For me July is usually the most difficult time. The days are hot and so are the nights as well as less rain than we need. To combat all this I try to water and then mulch while the ground is still wet. My compost never really becomes true compost. Everything goes through the chipper so is in small pieces and starts the breaking down process. I also like to add grass clippings and put at least 2 inches around the plants (but not against the stems.) This preserves the moisture and cools the soil around the roots.  The worms are hungry and will snatch it gradually to digest and make “castings” lower in the soil as well as creating air tunnels for the roots.

          I have never had raised beds but I can see how they would help because usually part of the material in the “raise” is generally organic material and this can absorb more moisture than clay to make it available for the roots.  Do not keep stirring your soil with a hoe or tiller as this exposes the soil to the air and dries it out. It also brings weed seeds up to germinate. Put your mulch on top of the weeds to smother them and they will become part of the mulch. In some countries the people raise the edges by bringing up the soil in a small area and then planting down inside the space. The sides protect the plants from wind and they water only the low areas. Seeds will not wash away as easily and thin mulch keeps them damp to help them germinate.

          By July most of the weeds are not starting. Under the mulch its dark and they aren’t stimulated to start. On the surface it is too dry for the seeds to germinate. But there is one, Purslane which never gives up. Portulac aleracia is also called little hogweed, parsley, duckweed, and wild Portulaca by the book “Weeds of the Great Plains ”. Some people pick it and eat it raw, cooked or in pickles. After trying to kill so many I don’t think I would enjoy eating it. It spreads by seeds and lateral roots. Even small pieces can root in a damp soil and start a new plant. The only place I don’t find it is in the shade.  It spreads quickly on the ground, never over an inch high, but if you let it, it will be up to 2 feet long with many, many seeds that are carried by the birds!!

            By this time some of our plants like petunias or impatiens are starting to look tired which means it is time to cut them back by about half.  It looks a little bare for a week or so but with water they will try to start over.  The purpose of a plant is to provide a new generation and cutting removes most of the seeds so they try again. If you want fresh green dill for your fall pickles it is time to start new seeds as the old crop is turning brown and seeds are dropping off. I always need a patch of dill for the Swallowtail butterflies.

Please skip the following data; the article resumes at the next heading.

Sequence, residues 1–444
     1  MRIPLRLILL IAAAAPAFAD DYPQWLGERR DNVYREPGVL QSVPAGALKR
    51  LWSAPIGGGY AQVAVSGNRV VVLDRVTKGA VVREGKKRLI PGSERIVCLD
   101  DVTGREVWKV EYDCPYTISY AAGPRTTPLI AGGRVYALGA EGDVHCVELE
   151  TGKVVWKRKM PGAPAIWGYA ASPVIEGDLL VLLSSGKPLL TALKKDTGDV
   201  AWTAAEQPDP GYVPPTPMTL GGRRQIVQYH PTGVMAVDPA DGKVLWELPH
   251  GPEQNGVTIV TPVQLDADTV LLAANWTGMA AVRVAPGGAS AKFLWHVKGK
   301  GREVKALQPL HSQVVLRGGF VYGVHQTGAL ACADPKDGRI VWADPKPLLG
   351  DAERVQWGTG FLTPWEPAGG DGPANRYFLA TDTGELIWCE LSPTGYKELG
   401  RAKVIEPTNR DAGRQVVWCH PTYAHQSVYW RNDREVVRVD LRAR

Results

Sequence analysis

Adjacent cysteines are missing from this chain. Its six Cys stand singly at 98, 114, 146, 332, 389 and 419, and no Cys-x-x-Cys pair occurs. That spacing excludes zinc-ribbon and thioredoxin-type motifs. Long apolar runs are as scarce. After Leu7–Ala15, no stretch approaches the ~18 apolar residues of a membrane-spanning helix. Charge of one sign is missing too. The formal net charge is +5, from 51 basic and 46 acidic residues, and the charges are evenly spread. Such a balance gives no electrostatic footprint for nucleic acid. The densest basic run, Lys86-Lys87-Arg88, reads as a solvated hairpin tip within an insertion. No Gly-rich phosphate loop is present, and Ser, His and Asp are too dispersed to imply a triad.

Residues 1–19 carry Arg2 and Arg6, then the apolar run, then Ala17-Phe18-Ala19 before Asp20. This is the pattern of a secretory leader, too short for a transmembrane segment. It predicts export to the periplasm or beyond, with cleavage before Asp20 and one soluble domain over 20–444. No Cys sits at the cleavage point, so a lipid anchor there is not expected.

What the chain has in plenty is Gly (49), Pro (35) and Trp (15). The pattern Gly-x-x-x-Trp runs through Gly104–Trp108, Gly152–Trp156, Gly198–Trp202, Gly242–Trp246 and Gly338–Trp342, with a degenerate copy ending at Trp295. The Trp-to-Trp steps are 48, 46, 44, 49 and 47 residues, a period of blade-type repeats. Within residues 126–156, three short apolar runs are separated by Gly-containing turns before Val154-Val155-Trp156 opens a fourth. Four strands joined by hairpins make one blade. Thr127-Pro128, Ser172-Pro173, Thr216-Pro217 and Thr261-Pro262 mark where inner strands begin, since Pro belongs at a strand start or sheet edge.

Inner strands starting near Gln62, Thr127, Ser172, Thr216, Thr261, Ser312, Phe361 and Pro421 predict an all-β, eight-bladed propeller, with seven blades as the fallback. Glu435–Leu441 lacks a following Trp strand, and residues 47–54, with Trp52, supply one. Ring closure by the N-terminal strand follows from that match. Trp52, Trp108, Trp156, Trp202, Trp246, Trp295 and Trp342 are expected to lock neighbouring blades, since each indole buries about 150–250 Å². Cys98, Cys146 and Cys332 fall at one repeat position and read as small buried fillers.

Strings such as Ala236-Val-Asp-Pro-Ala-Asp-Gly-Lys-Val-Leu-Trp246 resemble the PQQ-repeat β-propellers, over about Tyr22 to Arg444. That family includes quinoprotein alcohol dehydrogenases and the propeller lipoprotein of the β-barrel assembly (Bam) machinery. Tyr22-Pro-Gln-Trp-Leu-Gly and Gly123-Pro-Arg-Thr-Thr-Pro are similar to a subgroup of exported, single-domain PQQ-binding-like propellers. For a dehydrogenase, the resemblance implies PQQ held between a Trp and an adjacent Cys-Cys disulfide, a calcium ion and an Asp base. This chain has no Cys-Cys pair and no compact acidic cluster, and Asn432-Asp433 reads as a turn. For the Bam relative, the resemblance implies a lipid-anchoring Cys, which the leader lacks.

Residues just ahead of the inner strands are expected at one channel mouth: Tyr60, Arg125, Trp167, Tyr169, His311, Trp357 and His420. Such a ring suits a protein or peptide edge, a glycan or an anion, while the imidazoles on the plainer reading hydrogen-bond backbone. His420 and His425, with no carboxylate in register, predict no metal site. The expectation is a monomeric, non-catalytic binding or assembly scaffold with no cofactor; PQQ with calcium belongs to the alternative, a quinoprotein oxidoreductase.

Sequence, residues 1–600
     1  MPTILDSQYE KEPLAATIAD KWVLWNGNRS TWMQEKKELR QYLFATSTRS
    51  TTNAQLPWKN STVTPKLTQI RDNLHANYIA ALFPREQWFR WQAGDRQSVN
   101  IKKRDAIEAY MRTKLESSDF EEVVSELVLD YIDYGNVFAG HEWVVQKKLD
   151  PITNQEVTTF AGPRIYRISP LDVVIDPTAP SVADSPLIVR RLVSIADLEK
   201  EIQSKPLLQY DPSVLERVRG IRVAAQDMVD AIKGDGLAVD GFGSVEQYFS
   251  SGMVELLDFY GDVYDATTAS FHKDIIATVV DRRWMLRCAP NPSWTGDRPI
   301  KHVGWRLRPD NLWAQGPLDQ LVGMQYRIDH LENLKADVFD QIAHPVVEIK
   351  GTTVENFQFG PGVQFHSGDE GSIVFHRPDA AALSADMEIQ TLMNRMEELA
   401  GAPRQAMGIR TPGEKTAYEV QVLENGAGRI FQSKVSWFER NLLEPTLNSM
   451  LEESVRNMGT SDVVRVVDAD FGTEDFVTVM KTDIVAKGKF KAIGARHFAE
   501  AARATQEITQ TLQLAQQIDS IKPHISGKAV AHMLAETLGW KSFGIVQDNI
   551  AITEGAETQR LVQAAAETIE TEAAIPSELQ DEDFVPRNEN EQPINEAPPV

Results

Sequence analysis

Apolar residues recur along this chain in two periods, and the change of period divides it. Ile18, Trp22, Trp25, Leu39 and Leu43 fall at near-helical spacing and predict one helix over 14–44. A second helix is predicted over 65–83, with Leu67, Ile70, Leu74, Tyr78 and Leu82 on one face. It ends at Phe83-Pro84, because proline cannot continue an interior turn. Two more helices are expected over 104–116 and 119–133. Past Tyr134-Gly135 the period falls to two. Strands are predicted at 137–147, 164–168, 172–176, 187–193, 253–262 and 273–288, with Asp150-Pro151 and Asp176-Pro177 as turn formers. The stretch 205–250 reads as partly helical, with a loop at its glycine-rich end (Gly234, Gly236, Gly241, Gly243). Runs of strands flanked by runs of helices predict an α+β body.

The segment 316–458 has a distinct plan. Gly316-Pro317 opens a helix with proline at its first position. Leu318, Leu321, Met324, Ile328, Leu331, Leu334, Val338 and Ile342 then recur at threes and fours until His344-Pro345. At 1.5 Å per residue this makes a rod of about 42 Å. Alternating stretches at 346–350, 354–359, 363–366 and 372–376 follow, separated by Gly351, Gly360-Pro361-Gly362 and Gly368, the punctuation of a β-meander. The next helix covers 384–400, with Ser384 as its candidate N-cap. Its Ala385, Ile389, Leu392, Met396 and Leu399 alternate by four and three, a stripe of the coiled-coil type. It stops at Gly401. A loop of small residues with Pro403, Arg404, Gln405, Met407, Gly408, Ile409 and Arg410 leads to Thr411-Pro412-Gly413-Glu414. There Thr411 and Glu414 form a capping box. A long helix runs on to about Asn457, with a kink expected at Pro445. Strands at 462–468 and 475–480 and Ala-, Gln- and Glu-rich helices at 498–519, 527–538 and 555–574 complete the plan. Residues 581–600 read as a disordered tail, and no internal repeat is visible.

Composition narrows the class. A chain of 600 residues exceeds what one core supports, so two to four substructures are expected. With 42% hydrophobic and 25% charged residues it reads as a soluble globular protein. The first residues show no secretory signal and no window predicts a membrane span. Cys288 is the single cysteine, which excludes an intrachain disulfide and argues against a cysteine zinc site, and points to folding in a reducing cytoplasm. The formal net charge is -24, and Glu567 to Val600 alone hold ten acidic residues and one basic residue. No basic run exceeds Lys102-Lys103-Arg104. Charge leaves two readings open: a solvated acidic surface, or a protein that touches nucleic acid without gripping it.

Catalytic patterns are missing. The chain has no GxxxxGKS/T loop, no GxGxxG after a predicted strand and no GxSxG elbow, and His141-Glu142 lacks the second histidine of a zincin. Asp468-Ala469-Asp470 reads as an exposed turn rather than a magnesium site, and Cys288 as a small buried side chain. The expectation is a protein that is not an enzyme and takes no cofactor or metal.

If you are a fall gardener the last of the month is time to start those crops as well as your last row of string beans.  Cabbage and cauliflower transplants are sometimes available in the garden centers. They will benefit by the cooler nights in August. If we have a late fall cucumber vines will produce a new crop but if they don’t have enough water during the hot weather they become bitter. Most of this is in the stem end so when you notice it just cut that end off.

          Now is the time to be looking for material for winter bouquets as well as deadheading plants that have finished blooming. Many will have time and energy to put out a new crop of blooms.  Cockscomb (Celosia species) need to be picked at their brightest color stage for drying. If done right the color will last for several years in a wreath. Especially the crested ones which many people say looks like a brain. They come in reds, pinks and yellows. Many get over 9 inches across. To dry just pick and hang upside down in a dark dry place.  This keeps the stem straight until it dries and preserves the color. The plumose or plume type can be treated the same way. I like to plant the seed directly outside as Celosia resents transplanting or its growth may be stunted with premature blooming. Wheat needs to be cut before it gets too ripe. Cattails should be picked before the “tails” open to scatter the seed. These heads were dipped in oil and then used as a torch at one time.  Many of the weeds are now going to seed as well as some of the grasses. Keep an eye on all the plants to know when to pick for drying as July is just the beginning of the season. If plants get too advanced they tend to shatter as you work with them.

          Yarrow (Achillea species) is another plant for wreaths or bouquets. It is easy to grow, doesn’t need or like a lot of water and comes in many colors that stay for a long time.  Clumps need to be divided in spring after several years for it to do its best.

Copyright 2009




          Bindweed grows over and under anything.  Its leaves smothers the plants it grows on, and may climb 15 feet while its huge root system depletes the soil. It may take several years to get rid of a patch by using Roundup or Kleen-up (Glysophate), or in combination with Trimec, and of course, a hoe. When it can’t find something to climb it will cover your soil quite densely and “eat” all the available food.   The good news is that its roots, stems, and leaves are used to make a laxative and a remedy for gall bladder problems.  It may not be all bad but it sure is not welcome in most gardens.

Copyright July 1, 2006